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Sins of the Fathers (and Non-Catholic Ministers, too)
by Michael Tummillo
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It’s sickening. Every time I turn around, I read or hear about another Catholic diocese being sued for the sexual sins perpetrated by a Father So-n-so on an altar boy. That’s not the most sickening part. What’s worse is the way their brothers and sisters – even the Non-Catholic variety - smear them and sneer at them, very few running to “cover their nakedness” the way two of Noah’s sons did while the third intended only to expose their drunken, naked father (Gen 9:23).

I’m reminded of Adam who, after he sinned, tried to hide from God because he, too, was naked (Gen 3:10). God asked Adam, “Who told you that you were naked?”

Today, Adam’s answer would likely be, “Well...my Church…my ministers…my mom…my friends...the local news…everybody knows and they won’t stop reminding me!”

As I turn around in the other direction, I hear about Non-Catholic ministers being caught in sexual sin, too, hands caught in the cookie jar, things like that. Today, I read an article about Todd Bentley and how he’s being called a “Pathological Liar” by former staff members.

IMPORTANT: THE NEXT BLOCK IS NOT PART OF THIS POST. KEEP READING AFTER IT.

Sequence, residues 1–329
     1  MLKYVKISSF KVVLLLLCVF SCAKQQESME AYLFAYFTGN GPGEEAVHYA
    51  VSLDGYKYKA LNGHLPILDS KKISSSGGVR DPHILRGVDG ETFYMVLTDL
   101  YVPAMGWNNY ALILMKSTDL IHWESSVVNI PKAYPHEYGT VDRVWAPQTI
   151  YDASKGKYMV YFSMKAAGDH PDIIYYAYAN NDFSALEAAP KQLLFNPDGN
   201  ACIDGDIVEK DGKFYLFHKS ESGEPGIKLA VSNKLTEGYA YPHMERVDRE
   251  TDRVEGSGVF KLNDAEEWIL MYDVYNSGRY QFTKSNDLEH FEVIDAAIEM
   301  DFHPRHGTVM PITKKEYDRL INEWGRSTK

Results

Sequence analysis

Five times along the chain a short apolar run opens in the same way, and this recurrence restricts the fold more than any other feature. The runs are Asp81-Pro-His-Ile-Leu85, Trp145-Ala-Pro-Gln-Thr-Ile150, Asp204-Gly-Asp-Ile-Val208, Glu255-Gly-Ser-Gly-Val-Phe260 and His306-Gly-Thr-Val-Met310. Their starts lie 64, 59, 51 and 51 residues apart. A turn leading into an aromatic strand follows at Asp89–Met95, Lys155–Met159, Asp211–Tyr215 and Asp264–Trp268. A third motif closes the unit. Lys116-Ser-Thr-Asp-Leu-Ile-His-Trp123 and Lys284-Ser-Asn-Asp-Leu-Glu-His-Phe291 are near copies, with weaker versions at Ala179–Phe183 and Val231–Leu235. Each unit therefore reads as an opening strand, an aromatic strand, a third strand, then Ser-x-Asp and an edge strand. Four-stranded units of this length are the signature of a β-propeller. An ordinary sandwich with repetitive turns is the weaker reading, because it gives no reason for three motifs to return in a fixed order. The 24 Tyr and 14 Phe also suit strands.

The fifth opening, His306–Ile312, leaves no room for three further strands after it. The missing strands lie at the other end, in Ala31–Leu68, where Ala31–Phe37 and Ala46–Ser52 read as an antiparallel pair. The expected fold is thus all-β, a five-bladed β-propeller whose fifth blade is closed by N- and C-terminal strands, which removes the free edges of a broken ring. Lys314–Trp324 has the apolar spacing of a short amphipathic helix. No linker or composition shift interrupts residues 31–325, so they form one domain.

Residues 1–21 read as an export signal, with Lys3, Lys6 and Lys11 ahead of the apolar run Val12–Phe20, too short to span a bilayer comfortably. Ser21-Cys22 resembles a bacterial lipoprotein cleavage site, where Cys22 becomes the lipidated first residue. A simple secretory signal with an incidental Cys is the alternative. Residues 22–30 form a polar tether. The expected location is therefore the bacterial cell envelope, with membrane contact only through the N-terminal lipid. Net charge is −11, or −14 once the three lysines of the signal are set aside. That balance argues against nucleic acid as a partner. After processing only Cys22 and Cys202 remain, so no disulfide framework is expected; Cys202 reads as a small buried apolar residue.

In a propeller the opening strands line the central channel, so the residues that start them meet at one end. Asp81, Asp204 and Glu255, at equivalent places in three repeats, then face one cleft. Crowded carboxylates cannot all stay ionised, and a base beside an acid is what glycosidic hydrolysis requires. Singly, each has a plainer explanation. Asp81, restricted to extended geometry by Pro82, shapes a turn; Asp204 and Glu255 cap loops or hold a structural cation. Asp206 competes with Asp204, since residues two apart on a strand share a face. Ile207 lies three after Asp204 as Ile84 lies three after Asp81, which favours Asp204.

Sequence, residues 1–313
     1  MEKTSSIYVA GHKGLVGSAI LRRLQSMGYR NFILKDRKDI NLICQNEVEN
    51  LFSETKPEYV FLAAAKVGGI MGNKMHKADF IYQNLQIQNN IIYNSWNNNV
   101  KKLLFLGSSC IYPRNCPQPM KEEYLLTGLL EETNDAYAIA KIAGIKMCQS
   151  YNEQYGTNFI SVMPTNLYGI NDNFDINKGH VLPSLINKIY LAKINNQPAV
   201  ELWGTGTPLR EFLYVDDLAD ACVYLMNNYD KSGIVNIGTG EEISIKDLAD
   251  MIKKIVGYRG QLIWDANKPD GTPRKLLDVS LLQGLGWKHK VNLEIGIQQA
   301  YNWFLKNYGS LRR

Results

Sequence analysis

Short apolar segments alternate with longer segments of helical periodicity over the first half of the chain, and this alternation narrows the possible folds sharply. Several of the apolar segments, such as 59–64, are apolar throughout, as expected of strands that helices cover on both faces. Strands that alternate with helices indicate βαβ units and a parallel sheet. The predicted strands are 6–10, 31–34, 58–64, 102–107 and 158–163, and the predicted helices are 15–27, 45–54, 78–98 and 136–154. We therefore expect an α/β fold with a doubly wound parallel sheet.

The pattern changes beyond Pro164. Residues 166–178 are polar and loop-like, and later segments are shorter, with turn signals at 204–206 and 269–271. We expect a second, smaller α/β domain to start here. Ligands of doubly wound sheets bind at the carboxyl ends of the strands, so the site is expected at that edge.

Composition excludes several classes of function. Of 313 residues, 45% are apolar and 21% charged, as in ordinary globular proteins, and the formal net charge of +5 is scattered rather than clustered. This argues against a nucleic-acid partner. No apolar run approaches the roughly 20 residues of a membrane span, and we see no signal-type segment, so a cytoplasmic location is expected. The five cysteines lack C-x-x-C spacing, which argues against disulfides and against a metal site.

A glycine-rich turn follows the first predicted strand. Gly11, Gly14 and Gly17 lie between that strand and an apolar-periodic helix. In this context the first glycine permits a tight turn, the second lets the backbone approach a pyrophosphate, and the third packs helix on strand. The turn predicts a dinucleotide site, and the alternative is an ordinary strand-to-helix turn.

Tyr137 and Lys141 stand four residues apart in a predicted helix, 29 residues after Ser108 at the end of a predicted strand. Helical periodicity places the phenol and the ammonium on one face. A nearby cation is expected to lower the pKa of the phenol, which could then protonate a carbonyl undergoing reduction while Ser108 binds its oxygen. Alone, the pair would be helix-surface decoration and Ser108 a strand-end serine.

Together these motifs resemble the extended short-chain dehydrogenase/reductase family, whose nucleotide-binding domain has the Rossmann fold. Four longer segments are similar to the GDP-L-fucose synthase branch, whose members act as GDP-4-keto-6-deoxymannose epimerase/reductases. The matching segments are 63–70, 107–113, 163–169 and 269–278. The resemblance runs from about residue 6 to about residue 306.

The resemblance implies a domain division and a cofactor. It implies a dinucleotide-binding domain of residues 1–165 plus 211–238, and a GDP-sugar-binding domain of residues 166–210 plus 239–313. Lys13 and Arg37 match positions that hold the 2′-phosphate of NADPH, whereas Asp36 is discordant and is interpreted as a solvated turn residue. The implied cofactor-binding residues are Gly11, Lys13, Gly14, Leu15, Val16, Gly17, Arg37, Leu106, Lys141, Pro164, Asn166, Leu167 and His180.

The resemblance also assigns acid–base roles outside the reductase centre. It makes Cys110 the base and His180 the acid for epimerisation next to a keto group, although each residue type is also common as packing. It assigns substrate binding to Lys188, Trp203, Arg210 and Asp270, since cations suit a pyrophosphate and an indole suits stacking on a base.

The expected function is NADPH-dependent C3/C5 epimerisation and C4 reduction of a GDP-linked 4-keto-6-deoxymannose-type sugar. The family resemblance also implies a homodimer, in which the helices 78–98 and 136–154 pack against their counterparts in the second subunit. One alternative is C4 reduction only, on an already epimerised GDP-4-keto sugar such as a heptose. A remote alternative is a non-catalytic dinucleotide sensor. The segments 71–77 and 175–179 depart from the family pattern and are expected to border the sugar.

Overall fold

I keep hearing the words of Jesus from John 8:7, “Let he who is without sin cast the first stone.” If I may, I would like to add, “Let him cast the NEXT one, too!”

You see, I know better than to expect Pastors to live lives without error. As long as we walk the planet in these Earth Suits, we’re prone to sin. ALL of us. In fact, we’re GOING to sin and there will be consequences.

Thankfully, those sins were forgiven by God when Jesus died at the cross; it’s we humans who keep ghoulishly digging them up. Our Christian leaders are imperfect people who need a Savior just like the rest of us. God, in His mercy, provided them with one.

I’ve looked at the dismal statistics pertaining to those who minister among us. I contend that it’s long been the fault of The Church as a whole for expecting one individual to go to the mountain for the rest of us so that he can bring a life-changing message from God. Shame on us for ever putting a person in a paid pastoral role and expecting perfection from them. Where’s THAT New Testament example? When I read about the brief tenure of the average Baptist preacher (18 month or so), I cringe. When I read that most pastors admit to being poorly prepared by their seminary training for their pastoral ministry, it saddens me.

Can you find a Biblical example of the early church gathering to hear one man speak for an hour each Sunday while they sat passively in rows listening to him?

Can we find any example of his wife being the leader of the woman’s ministry?

Can we find any model of that couple spending all their time baby-sitting a bunch of grown-ups all week, counseling them, putting out all their emotional fires?

No! I’ve often said that, if we were to pluck an early Christian out of history and stick him in the congregation of some megachurch, he would wonder these four things:

1) Why are we seated in rows listening passively to that man talk?